The sky had hardly lightened when Kevin and I reached the carpark and set off on a dirt trail branching off on the left toward Windy Saddle and Sealers Cove. I switched on the headlamp, showing up a damp rainforest made of ferns, and a steep dropoff on the left hand side of the trail towards the gully of Titania Creek. Caution was what was needed here. Kevin dropped back suddenly and told me he'd catch up; I pushed on over rolling singletrack before emerging to a steel coloured sky at Windy Saddle, perched above the trees, between Mt Ramsay and the impressive Mt Wilson. From here, the trail gradually dropped to Sealers Cove, and was again under solid tree cover. The lamp was switche don again as I descended over wet rocks and mud, to be joined shortly by John Lindsay, a better downhill runner than I. We set a pace that seemed too fast for me, but when I mentioned that to John, he didn't seem to agree; this confirmed that I hadn't recovered fully from the previous fortnight's exertions. It was slippery, dicey going until we hit Sealers Swamp, just prior to the beach; now we ran on wooden boardwalks and were able to switch off the torches. It was 7.30am and we were passing through lush, damp forests, emerging from permanently waterlogged ground. A complete contrast was when we reached Sealers Cove beach under clear skies and headed south along firm sand.
At the far end of the beach was an inlet where Sealers Beach cut in and met the sea; there was no way past it but through the water, so John charged right in without pause, and I followed. We slogged back up into the bush and down to Sealers Cove camping ground. We missed the water, and backed up to a fixed pipe pouring out good, if somewhat stained, water. John was done first and set off as I was still mixing my powders into my bottles, but I soon caught him and we ran together, him leading the downhills, me passing on the uphills.
And there were plenty of both. The trail round the coast south to Waterloo Bay is a rocky one, that drops to beaches, climbs headlands, and descends again. It was a fine day and some of the vistas from high points on the trail, of rocky coastline and pristine beach, were magnificent. It was slow going however, and it was something like 10.30 when John and I reached Waterloo Beach, 27Km into the run. We had followed paths littered with deep leaf litter, and run along trails perched high above rocks and sea. We had passed plenty of hikers, almost all of whom seemed to hav heard of the run and enthusiastically wished us the best.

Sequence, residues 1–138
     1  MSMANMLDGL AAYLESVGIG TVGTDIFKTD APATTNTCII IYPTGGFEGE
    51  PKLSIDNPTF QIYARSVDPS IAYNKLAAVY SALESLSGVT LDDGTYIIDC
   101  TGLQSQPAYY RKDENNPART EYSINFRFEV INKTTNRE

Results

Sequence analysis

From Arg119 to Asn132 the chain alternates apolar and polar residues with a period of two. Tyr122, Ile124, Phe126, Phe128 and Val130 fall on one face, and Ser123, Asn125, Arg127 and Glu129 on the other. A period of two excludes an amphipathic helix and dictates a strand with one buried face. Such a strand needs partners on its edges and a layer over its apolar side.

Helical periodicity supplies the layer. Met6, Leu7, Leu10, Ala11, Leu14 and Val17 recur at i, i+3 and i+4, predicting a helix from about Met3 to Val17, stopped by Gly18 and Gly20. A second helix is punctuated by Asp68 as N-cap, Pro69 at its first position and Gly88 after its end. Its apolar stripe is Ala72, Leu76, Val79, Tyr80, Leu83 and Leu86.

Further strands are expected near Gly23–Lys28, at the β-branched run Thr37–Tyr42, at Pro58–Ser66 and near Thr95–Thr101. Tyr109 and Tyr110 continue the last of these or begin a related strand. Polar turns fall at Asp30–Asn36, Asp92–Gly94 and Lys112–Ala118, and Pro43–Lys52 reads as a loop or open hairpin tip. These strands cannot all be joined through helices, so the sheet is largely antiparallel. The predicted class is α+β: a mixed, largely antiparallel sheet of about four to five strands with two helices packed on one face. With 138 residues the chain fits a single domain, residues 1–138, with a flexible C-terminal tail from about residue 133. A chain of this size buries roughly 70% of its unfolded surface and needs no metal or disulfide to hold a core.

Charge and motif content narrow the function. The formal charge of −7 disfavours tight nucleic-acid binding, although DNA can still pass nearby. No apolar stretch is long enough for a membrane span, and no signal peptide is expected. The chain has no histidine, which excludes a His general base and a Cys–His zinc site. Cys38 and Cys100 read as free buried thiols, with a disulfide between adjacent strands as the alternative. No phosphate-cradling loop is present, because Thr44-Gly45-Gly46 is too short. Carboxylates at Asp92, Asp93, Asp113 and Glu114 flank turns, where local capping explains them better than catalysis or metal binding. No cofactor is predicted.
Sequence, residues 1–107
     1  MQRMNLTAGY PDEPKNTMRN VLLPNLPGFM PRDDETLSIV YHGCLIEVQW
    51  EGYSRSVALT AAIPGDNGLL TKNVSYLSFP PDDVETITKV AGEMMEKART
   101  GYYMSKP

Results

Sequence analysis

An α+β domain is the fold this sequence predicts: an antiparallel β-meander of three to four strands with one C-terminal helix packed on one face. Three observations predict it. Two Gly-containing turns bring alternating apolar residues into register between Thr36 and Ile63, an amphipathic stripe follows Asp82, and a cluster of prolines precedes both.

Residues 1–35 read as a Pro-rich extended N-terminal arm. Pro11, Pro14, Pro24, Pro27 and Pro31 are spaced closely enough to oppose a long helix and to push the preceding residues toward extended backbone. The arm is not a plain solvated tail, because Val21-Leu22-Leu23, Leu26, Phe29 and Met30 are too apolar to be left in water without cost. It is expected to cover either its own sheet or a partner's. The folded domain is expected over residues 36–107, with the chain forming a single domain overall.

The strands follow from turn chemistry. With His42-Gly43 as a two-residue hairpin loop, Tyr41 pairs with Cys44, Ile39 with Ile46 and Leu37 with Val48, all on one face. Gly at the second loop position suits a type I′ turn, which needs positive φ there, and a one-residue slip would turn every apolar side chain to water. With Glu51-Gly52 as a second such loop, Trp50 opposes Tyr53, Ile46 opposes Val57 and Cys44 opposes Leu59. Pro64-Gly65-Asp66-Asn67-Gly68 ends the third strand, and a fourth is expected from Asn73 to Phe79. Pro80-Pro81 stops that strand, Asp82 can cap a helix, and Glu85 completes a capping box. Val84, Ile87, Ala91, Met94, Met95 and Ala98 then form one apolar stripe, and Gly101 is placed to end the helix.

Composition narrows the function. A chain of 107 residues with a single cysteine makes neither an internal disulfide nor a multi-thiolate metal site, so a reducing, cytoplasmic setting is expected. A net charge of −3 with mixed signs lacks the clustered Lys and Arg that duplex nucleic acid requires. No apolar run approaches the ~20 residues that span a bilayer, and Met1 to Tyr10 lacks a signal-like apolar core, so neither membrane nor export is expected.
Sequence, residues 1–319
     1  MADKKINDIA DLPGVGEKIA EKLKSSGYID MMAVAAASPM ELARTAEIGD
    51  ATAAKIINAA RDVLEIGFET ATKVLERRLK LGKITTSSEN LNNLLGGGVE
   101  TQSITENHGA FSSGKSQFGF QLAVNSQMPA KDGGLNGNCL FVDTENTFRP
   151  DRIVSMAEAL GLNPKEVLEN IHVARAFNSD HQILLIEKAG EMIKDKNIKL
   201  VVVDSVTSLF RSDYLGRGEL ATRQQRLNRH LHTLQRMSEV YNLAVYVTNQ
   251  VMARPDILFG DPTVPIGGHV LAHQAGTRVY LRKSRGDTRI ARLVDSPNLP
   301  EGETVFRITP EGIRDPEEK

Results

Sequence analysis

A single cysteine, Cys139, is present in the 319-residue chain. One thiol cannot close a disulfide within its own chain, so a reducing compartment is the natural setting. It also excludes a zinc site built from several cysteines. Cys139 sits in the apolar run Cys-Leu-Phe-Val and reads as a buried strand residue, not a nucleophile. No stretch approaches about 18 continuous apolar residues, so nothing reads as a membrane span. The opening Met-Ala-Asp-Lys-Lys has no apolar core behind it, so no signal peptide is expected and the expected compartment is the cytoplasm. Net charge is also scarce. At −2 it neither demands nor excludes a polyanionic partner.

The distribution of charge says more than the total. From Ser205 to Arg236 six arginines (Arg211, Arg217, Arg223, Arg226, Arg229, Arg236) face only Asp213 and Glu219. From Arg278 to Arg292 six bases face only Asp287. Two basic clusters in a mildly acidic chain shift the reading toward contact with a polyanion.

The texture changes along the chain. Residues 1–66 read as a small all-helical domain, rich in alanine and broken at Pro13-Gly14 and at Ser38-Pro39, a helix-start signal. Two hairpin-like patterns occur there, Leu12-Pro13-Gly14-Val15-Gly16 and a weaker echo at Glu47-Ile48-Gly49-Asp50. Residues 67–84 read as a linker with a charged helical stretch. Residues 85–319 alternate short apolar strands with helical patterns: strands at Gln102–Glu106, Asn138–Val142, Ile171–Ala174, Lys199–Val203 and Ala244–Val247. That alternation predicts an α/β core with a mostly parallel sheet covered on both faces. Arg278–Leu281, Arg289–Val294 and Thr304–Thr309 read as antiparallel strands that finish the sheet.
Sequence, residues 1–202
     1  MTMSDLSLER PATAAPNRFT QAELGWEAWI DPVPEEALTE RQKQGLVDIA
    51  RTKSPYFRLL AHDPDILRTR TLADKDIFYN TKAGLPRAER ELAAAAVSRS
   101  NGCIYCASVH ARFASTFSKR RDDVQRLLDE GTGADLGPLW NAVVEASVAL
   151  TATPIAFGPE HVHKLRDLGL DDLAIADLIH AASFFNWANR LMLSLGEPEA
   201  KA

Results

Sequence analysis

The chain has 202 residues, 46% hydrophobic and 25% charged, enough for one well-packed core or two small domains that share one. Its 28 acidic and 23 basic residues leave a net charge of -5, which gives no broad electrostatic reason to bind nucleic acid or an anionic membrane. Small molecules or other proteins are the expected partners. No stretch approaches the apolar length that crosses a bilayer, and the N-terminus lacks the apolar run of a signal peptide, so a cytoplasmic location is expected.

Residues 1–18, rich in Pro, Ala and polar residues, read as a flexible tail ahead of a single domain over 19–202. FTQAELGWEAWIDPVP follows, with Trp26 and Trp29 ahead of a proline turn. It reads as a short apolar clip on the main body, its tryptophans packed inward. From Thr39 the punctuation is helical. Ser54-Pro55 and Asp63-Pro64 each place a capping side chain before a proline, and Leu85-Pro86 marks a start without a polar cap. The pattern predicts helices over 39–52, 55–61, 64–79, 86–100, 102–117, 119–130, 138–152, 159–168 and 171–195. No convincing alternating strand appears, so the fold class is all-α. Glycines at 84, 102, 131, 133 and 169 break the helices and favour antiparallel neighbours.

John was hobbling at Waterloo- unbeknownst to me, he had fallen and damged an ankle when running behind me, his shout of pain smothered by the noise of the sea. He tended to it at the Waterloo Bay campground as I resupplied, but it got worse and worse as we ran along the sand and duckboarding. I was feeling pretty good by now- as though it had teken me hours just to warm up, doubtless another symptom of "Trailwalker hangover". I had taken food constantly- several sandwiches, a powerbar and routine sucks of condensed milk- so I suppose I had no right not to be full of energy. I set off from John along the Waterloo Walking Track, heading inland to Telegraph Track Junction.
This trail gradually ascended into mountainous terrain; on the left, Mt Boulder, on the right, Mt Wilson. The path was fairly smooth, and in some cases made of duckboard; I made fairly good progress through open heathland to Telegraph Track Junction, which was just inside light forest. I signed off on the runners register at the junction at 11.31am; Paul and Mike had passed through just over half an hour earlier. The running course turned south along good firetrail to ascend Martins Hill, and while walking this climb all my energy drained away and I started to really struggle for the first time- probably more mentally than physically. At Halfway Hut, partway up the climb, I had a pitstop and water bottle refill, and spent several minutes sitting next to the hut getting my act together mentally. Some consolation were the suberb views from several points along the trail- views stretching from coast to coast and encompassing all of the Promontory south of the Mt Wilson- Mt Oberon Range. The sands of Oberon Bay were clearly visible, as were endless hectares of low lying trees and heath, and spectacular rock formations on the spurs of Mt Boulder.
Such a contrast to the walking track to Roaring Meg, which was flooded and required careful negotiating; at least it was downhill and I was able to recover a little, the vegetation changed to denser forests, and Paul and Mike were at Roaring Meg campground when I jogged in. They had just completed the out and back to South Point. I spent 10 minutes talking to them before they departed for the lighthouse; just after they left Kevin Cassidy, to my surprise, jogged in. John had told me Kevin had seemed in trouble when he, John, passed earlier on; I had assumed he had dropped out and told Paul that was likely. I was glad to have him there though; if nothing else, it was obvious that the sun was going to set not long after we left Waterloo Bay the second time, and working together would be important then on unmarked trails.
One thing was remarkable about the descent to, and climb out of, South Point- it took over an hour and we saw not one other person that whole time. The trails were rough and rocky and navigation was sometimes tricky; in short, it was challenging stuff and I enjoyed it at that point. At South Point a tongue of rock juts into the water with a sign...
SOUTH POINT Southernmost Point On Australian Mainland Lat. XX XX Long. XX XX
Forget the numbers on the sign... I enjoyed the rest of the "south end" of the run, climbing back to Roaring Meg, then good rolling trails all the way round to the Lighthouse, with a little firetrail mixed in, from rainforest at Roaring Meg to dry, inhibited growth on the approach to the Lighthouse. As you run down around the headland, off to your right through the trees the Lighthouse and associated buildings hunker on a pillar of rock thrusting up out of the water; on your left, to contrast, intimidating South Peak casts a shadow over the whole complex.